BCBC In The News
Vancouver Sun: No tax increases, modest spending in budget earns praise from B.C. business leaders
[EXCERPT] And the balanced budget, without raising taxes, is a good starting point, according to Jock Finlayson, executive vice-president and chief policy officer at the Business Council of B.C.
“A lot of provinces are wrestling with significant budget deficits, or at least deteriorating fiscal positions,” Finlayson said. “B.C. at least stands out as being in a pretty strong position. That’s going to be well received by investors.”
Globe and Mail: B.C. budget fails to help families make ends meet, critics say
[EXCERPT] Jock Finlayson, an economist and executive vice president of the Business Council of B.C., said the government phasing out the 2-per cent tax hike won’t have a major impact on the economy, but could help lure more entrepreneurs and professionals to the province. He added that as a matter of “political philosophy,” B.C. and Alberta tax their richest earners considerably less than the other provinces, noting “it’s up to the voters to decide what they want.”
He said B.C.’s overall income tax rates are “fairly low” and families are more likely to worry about job opportunities than how much they pay the government in taxes.
Globe and Mail: Balanced B.C. budget features higher user fees, little tax relief
[EXCERPT] But Jock Finlayson of the Business Council of B.C. said the government’s management on the spending side has helped put the province on good footing, and applauded the cautious assumptions about revenues. He added that the budget demonstrates the benefit of a diverse economy that has protected the province from some of the wild swings of the past. “B.C. is not a boom/bust economy that people remember.”
The Canadian Press (Global News): B.C. tables balanced budget
[EXCERPT] Business Council of B.C. vice-president Jock Finlayson applauded the news of yet another balanced budget.
“There are no big surprises in here,” he said. “For the business world, we don’t want big surprises, especially on budget day.”
Vancouver Sun, Barbara Yaffe: BC should be spending more to increase competitiveness
As the B.C. government prepares to table another surplus budget today, its policy of spending restraint is being called into question.
Jock Finlayson, executive vice-president of B.C.’s influential business council, says the Christy Clark government’s decision “to reduce real per-capita public-sector capital outlays, at a time of historically low borrowing costs, requires a rethinking, in our view.”
The business council, which supports balanced budgets, is specifically recommending a re-evaluation of B.C.’s three-year capital spending plan, as outlined in last year’s budget, “in light of record low borrowing costs that are expected to stay at historically low levels through 2015-2016, and perhaps beyond.”
The Canadian Press (Castanet): B.C. woos Asian business
Politicians and business leaders have initiated a $6.5 million plan to entice Asian companies to bring their headquarters to Vancouver.
HQ Vancouver, a new partnership between the B.C. and federal governments and the Business Council of B.C., launched Friday and will attempt to coax Asian companies to locate their North American head offices in the city.
Business in Vancouver: New program to lure Asian headquarters to Vancouver
Greg D'Avignon says it’s unfortunate that a friend of his enjoys living in Vancouver but finds it necessary to fly to Hong Kong frequently to work at a major accounting firm.
That kind of lifestyle is something the Business Council of B.C. (BCBC) CEO hopes to curb through a new initiative designed to bring Asian companies’ headquarters to Vancouver.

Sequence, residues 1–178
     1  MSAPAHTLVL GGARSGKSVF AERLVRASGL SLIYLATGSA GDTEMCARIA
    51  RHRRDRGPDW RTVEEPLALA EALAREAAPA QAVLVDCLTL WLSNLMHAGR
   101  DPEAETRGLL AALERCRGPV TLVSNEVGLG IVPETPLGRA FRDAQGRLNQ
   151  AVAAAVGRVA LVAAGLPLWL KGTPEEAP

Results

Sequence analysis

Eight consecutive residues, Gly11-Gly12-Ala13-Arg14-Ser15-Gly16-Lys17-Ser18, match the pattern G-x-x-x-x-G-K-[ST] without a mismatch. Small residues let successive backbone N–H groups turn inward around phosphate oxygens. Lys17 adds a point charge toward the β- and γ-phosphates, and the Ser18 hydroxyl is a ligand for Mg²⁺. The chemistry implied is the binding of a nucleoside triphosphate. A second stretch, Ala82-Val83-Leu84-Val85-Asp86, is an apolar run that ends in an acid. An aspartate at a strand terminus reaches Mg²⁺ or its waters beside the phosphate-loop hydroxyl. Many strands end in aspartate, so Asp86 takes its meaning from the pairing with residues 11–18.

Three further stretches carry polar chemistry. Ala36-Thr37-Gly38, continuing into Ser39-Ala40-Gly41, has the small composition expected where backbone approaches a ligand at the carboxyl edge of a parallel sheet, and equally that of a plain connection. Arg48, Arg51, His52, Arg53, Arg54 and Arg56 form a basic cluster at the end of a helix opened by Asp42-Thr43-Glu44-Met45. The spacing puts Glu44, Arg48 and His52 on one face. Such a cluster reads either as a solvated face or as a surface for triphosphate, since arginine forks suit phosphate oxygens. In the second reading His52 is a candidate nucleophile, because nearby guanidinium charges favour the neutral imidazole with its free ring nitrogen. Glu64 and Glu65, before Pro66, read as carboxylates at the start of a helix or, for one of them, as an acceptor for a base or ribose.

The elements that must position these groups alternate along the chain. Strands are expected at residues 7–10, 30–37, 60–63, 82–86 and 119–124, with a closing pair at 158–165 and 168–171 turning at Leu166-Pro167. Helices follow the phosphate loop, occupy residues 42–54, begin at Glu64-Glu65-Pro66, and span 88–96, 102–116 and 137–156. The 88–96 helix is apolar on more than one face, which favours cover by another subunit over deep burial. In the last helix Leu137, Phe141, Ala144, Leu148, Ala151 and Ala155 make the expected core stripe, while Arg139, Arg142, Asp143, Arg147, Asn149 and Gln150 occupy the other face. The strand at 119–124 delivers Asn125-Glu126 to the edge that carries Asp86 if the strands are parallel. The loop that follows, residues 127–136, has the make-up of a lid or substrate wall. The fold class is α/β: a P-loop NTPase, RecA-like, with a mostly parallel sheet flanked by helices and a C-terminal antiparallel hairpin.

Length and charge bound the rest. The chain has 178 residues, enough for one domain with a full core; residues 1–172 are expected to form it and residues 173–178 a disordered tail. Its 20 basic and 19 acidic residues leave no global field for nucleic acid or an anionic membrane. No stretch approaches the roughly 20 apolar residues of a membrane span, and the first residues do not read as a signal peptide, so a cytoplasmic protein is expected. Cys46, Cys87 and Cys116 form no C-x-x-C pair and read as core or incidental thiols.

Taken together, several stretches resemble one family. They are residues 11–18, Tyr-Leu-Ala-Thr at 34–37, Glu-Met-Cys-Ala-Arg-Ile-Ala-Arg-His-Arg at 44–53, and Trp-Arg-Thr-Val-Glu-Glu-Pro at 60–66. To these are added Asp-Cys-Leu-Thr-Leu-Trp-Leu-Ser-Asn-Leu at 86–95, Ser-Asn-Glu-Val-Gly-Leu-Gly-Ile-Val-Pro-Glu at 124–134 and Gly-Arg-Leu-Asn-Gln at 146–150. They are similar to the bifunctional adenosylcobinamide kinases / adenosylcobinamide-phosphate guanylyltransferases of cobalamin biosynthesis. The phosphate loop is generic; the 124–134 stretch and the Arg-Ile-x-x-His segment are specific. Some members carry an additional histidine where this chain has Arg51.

“We have the most Asian-centric population of anywhere in North America,” D’Avignon told Business In Vancouver. “We’re not connecting those relationships and those familial ties as effectively as we should at a personal level, but on a business level as well.”
The HQ Vancouver program – a partnership between the BCBC, Victoria and Ottawa – launched Friday (February 13) and began identifying targets and building business cases for corporate relocations.
Business in Vancouver: Tech sector looks to lure Alberta talent to BC
[EXCERPT] B.C. has experienced a net loss of about 42,000 people over the past two decades with about half of those moving to Alberta, according to a May 2014 report from the Business Council of BC (BCBC). In the last two years alone, 7,500 of those people were in the 15-to-24, 25-to-34 and 35-to-44 age groups.
BCBC economist and report co-author Ken Peacock said that after years of strain on the B.C. labour market, the province can “almost certainly” count on a large number of those people returning from Alberta.
He noted the workers essentially fall into two categories: those who have moved with their families across the Rockies or interprovincial employees who work in Alberta for extended periods while technically residing in B.C.
Peacock said it may be trickier to bring back people who’ve already uprooted their families once, but a high-tech worker doing contract work would be a good example of someone who would move back.
Business in Vancouver: Economic council predicts 2.6% real GDP growth for BC in 2015
B.C.’s Economic Forecast Council predicts real GDP growth to be 2.6% in 2015 — down slightly from its December estimate of 2.7%.
The council also announced Thursday (February 5) it expects real GDP growth to hit 2.8% in 2016, an uptick of 0.1% from its previous estimate. The 2017-19 outlook remains at 2.5%.
It is quite fascinating right now,” Business Council of B.C. economist Ken Peacock told Business In Vancouver.
He said 2.6% is a fairly average performance but “that pace could very well lead all of the provinces in Canada.”
Peacock noted oil-producing provinces like Alberta, Saskatchewan, and Newfoundland and Labrador will be hit by slow growth this year.
Castanet: Skills gap costing BC billions
A new report by the Conference Board of Canada shows skills shortages cost the B.C. economy up to $6 billion in foregone GDP and $785 million in tax revenues annually.
It's projected there will be one million job openings in the province by 2022 and 760,000 of those jobs will require some kind of specialized training. Without a focus to meet that demand, the labour force will reach a point where demand outstrips supply by 2019, the report states.
Many of those unfilled jobs or mismatched skills are in the trades, but not all.
Greg D'Avignon of the Business Council of British Columbia says those jobs will be in technology, software engineering, but also in middle management, transportation and tourism as well as forestry and mining.
"That runs the gamut from engineers to environmental technologists, pipe fitters and journeymen," he says.